How challenging is it to run a major medical center under a glaring media spotlight?
“On a scale of one to 10, about a 10,” said Victoria Brahm, who took over as medical director of Wisconsin’s Tomah VA Medical Center in January 2017. Brahm, who earned her master’s in nursing from UWM in 2001, had served as acting director since October 2015, when both the director and chief of staff left amid a cloud of criticism and an investigation into the over-prescription of opioids and other pain relievers.
“When I came, it was a troubled facility, and there was a lack of leadership because of what had happened previously with opioid issues,” said Brahm. She was faced, she said, with not only restoring the reputation of the center, but also rebuilding trust with the staff, veterans and the community.
Under her leadership, the Tomah center’s Department of Veterans Affairs quality rankings have risen from 77th out of 129 VA facilities nationally to No. 35 “and we’re on the cusp of jumping a bunch more.” Surveys of both staff and veterans also show strong improvement in climate, satisfaction and trust. Brahm has introduced a new focus on whole health to help veterans and their families find alternative ways to manage pain, stress and mental health issues. One result has been a dramatic drop in the use of opioids and other prescription pain relievers, while patient satisfaction has increased, according to surveys.
“I’m really proud of how fast and how quickly this VA has turned around,” Brahm said, “largely because of so many professional people who are only here for the mission of serving veterans.”
As director, Brahm is responsible for a 246-bed hospital that sits on a 175-acre main campus, plus four outpatient clinics that serve thousands of veterans from 16 counties in Wisconsin and two in Minnesota. She handles an annual operating budget of around $162 million and a workforce of more than 1,200.
Wanting to serve
Her interest in serving veterans came from growing up in a military family – her father and six brothers were in the military. “Coming from a military family, I always wanted to serve, but I had a daughter and I couldn’t imagine leaving her. The VA was a great way to serve veterans and still have a quality of life with my daughter and my family.”
She credits UWM’s master’s degree program in nursing with helping her develop the skills that have served her well at Tomah. While working on her degree in nursing, she was able to also take courses in business and administration. At the time, she was also balancing family and work obligations. She and her husband have a blended family of five children. Her daughter Noelle, now 26, is a UWM graduate as well. At the time, Brahm was working full-time at Milwaukee’s Clement J. Zablocki VA Medical Center.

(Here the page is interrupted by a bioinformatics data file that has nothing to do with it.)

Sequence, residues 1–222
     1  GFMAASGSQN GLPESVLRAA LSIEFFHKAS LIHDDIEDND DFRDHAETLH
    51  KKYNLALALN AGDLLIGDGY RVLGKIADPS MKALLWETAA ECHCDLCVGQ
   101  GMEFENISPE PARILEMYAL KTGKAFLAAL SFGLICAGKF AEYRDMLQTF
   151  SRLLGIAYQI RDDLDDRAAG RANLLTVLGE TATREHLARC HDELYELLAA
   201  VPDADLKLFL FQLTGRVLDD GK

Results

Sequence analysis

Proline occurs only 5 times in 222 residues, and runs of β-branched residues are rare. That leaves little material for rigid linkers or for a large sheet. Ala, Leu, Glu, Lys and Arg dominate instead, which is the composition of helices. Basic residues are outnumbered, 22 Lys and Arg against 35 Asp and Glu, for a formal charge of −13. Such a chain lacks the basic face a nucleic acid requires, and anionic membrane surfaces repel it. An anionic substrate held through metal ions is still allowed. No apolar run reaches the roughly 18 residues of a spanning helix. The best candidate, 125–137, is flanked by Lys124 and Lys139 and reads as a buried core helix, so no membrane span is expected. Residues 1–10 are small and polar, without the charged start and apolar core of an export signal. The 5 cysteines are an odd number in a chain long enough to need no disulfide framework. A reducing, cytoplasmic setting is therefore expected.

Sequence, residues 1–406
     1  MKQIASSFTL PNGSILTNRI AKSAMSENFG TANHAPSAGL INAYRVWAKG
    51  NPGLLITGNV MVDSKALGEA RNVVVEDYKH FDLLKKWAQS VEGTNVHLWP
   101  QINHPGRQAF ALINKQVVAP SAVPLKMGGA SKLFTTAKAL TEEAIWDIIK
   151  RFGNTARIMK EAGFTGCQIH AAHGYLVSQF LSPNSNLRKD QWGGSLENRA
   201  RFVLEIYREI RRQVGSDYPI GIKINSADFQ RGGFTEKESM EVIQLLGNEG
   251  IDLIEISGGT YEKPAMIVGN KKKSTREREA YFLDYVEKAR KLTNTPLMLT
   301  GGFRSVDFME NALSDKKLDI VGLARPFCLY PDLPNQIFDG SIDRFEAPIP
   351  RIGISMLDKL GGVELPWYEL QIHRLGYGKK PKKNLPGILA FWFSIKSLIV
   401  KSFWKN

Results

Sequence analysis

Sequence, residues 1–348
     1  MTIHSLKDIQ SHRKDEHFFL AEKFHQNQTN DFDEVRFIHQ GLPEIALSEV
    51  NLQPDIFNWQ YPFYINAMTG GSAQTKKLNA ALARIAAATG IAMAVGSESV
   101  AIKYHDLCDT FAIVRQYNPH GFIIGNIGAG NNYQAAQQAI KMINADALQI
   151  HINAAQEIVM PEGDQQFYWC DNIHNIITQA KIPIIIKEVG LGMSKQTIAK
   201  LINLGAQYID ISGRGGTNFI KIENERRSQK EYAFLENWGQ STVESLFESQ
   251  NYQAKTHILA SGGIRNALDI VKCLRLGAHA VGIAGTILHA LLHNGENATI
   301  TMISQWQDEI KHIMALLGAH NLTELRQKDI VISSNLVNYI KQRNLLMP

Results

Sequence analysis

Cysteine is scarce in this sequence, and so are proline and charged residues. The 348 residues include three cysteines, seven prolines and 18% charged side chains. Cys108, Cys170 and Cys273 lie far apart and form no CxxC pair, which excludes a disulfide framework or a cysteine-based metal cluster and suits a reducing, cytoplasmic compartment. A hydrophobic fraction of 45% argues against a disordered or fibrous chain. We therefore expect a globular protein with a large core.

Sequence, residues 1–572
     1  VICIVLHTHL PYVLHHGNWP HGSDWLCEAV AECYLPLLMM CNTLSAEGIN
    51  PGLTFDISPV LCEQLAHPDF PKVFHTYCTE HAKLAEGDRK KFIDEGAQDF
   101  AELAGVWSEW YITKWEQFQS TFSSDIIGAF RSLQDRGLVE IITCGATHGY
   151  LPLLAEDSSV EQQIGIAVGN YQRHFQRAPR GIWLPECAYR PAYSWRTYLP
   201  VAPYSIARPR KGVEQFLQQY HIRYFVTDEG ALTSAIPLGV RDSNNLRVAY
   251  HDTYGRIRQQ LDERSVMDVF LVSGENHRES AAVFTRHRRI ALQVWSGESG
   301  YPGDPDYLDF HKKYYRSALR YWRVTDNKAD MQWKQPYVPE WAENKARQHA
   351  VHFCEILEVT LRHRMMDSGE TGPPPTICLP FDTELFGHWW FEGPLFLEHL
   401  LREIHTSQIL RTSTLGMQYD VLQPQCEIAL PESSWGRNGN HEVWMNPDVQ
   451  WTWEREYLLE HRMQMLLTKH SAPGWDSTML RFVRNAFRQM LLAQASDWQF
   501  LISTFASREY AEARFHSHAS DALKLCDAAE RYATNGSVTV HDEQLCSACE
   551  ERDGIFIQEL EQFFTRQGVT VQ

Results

“UWM was extremely flexible. I had some great professors,” she said.
Hands-on projects also helped her develop administrative skills, she recalled. “One project was to develop a business plan for a women’s health clinic at the Milwaukee VA. We opened the clinic, and it’s a very functional clinic to this day.”
At Tomah, she has worked with center staff, the national VA and providers to evaluate how to best serve veterans in their area of Wisconsin.
“We decided that our mission was to focus on expanding mental health services, meeting the needs of the homeless veterans, whole health initiatives, primary and long-term care,” she said.
The center expanded approaches to treating pain and traumatic stress, opening a new program called Pain University, which uses the university model to provide pain education and therapies to manage chronic pain and reduce the need for medications.
“We’re training providers in “all sorts of nontraditional therapies to relieve pain and stress,” said Brahm.
Tomah was one of only 18 VA centers in the country chosen to be leaders in the implementation of “whole health” programming. Tomah VA received a $4.2 million grant last year to expand the program, using health coaches to work with veterans and their primary care providers to find treatments that work for them. This programming offers veterans a range of options including yoga, anger management, mindfulness, equine therapy, “battlefield acupuncture” and healing touch, among others. The center also works with couples, providing family therapy.
The center is in the process of collecting data on all of these therapies to provide outcome measures, she said.
One of Brahm’s goals in changing the culture at the Tomah VA was to work closely with staff, to keep her door open and to be visible. So, she has an apartment in Tomah, and during the week is on the VA grounds long hours every day. Her family home is in Lisbon, where her husband, Douglas, is the fire chief.
There is more work to do, but she is proud, she said, of the change in culture and response and support of the staff.
“We can’t rest on our laurels, but even if it’s hard some days, we are making a difference here.”